5. Another Internet source sponsored by the University of Alabama [] estimates a value of LD50 between 10,000 and 20,000 spores for inhalation anthrax for humans with intact immune systems, but LD50 could be 10 to 50 spores if injected into cuts or abrasions.

Disease Description


Inhalation Anthrax

The University of Alabama website [] presents the following description of what happens when spore-bearing particles deposit into the alveolar spaces of the lungs:


Macrophages ingest the spores, some of which undergo lysis and destruction. Surviving spores are transported by macrophages to mediastinal lymph nodes, germinate into vegetative cells en route and intensively multiply once in the lymph nodes. Once multiplication has begun, disease follows rapidly. The infection rapidly progresses through the following pathogenetic stages:

  • Accumulation of vegetative cells in the lymphatic system and lymphoid tissue-containing organs (spleen, liver, and lymph nodes). This stage is characterized by low bacteremia and low toxemia
  • Increasing bacteremia, toxemia, and rapidly accumulating organisms of bacilli in the lymphatic system and organs
  • Rapidly accumulating organisms of anthrax toxins in blood and lymph
  • Increasing massive mediastinal edema, hemorrhagic thoracic lymphadenitis, hemorrhagic mediastinitis, and sometimes hemorrhagic meningitis
  • Increasing respiratory dysfunction and increased vascular permeability induced by anthrax toxins
  • Mediastinitis
  • Sepsis
  • Septic shock and death

Inhalation anthrax is almost 100% fatal if untreated and symptoms appear.


Cutaneous anthrax

The University of Alabama website also provides a description of cutaneous anthrax, following the deposition of spores in cuts and abrasions:


After the spores germinate in skin tissues, toxin production results in local edema. This route of infection has the following stages of development:

  • Initial pruritic macule or papule
  • Spherical ulcer, sometimes with 1- to 3-mm vesicles around periphery
  • Black, painless, depressed eschar, usually associated with extensive local edema
  • Lymphadenitis and painful lymphadenopathy can occur with associated systemic symptoms

In severe cases where the blood stream is invaded the disease is usually fatal. Without treatment, an estimated 20 percent of cutaneous anthrax can proceed to this condition.


Gastrointestional anthrax

From the University of Alabama website: Gastrointestional anthrax (LD50 several hundreds of thousands of spores) occurs as a result of germination of anthrax spores deposited in the upper or lower gastrointestinal tract. Depending on the focus of infection, this can result in either the oropharyngeal (upper GI tract) or ileocecal form (lower GI tract). In the oropharyngeal form, an oral or esophageal ulcer leads to the development of regional lymphadenopathy, edema, and sepsis. The ileocecal form leads to partial necrosis of the intestinal tract, resulting in bloody diarrhea, acute abdomen, ascites, or sepsis.


Photos of tissues damaged by anthrax are readily available from several Internet sources, probably the best ones at

Cutaneous anthrax, small forearm lesion on day 7 after exposure, vesiculation and ulceration of initial macular or popular skin lesion, usually painless at this stage but may be itchy. Photo from CDC website.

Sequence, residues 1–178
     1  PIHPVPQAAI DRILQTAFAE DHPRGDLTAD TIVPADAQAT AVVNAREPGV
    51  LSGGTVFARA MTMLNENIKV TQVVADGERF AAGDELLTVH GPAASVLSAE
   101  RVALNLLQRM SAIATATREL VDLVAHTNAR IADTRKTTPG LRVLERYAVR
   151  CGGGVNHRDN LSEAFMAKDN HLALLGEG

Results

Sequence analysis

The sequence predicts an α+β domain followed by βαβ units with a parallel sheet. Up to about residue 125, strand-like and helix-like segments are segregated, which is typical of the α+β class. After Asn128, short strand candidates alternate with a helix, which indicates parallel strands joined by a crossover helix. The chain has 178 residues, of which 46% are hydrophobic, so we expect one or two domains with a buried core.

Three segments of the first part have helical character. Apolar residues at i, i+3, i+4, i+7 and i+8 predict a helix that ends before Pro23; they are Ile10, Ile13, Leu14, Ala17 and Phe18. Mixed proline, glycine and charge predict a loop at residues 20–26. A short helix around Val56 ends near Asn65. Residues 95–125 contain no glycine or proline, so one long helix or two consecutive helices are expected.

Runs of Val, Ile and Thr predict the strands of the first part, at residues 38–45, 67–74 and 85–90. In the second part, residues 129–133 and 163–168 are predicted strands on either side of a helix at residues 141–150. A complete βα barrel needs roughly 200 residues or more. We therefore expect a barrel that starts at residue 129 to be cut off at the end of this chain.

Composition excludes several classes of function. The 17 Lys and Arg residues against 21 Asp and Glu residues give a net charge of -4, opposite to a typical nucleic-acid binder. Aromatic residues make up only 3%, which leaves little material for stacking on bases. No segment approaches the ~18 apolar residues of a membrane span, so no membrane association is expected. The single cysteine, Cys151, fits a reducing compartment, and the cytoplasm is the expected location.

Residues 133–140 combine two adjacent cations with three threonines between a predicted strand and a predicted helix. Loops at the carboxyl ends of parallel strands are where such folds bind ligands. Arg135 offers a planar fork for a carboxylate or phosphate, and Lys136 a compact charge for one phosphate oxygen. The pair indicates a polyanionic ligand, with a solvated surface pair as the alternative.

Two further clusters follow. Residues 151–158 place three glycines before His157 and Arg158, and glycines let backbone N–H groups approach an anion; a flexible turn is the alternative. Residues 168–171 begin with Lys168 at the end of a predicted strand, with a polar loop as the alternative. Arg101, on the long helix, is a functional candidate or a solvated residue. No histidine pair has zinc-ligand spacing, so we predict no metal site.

2. Inhalational anthrax, Lung X-ray showing mediastinal widening. This photo from Wikipedia website and from ; Additional photos at the University of Vermont website cited earlier and from the American Medical association, JAMA 1999

Inhalation anthrax, top of head cut away showing brain after death of patient. Photo from

Aggressive and prolonged treatment with antibiotics must begin before symptoms occur, and preferably within 24 hours of exposure. The time of onset of symptoms may vary considerably between individuals and spore dose. The usual treatment for adults (including people with compromised immune systems) is one gram daily (usually two 500 mg tablets daily) of Cipro for 60 days. Other antibiotics can be used, and direct IV administration of antibiotics may be necessary. The treatment might also include administration of a vaccine effective against toxins shortly after exposure. Details on diagnosis and treatment are available at several government websites.

  1. U.S. and British Servicemen stationed in Iraq and Afghanistan are immunized against the toxins produced by the Anthrax bacteria (a protective antigen type vaccine), which offers temporary protection unless an annual booster shot is given. The FDA-licensed BioThrax vaccine (also called AVA, “Anthrax Vaccine Adsorbed” is administered in six-dose steps plus an annual booster shot. The Soviets have developed a live spore vaccine which has serious side effects.

Accidental 1979 Release of Anthrax spores from a Soviet Weapons Plant

The University of California Press in 2001 published a book titled “Anthrax. The Investigation of a Deadly Outbreak” written by Jeanne Guillemin. She was part of a team of professors from Harvard University, Massachusetts Institute of Technology, and Boston University who visited Russia in 1992 to investigate the release of anthrax in April 1979 at a military plant in Sverdlovsk (later renamed Yaketerinburg). The investigation included interviews with many people. The book is available from The Soviet Union initially denied the release saying that affected persons ate contaminated meat and died. It was later found out that the Soviet Union as part of their Biopreparet program from 1972 to 1993 produced tons of anthrax spores and readied them for use on intercontinental missiles, and that there was an accidental release in 1979. The exact number persons who died or became infected may never be known, but the book cited approximately 68 persons who died of inhalation anthrax and 11 survivors.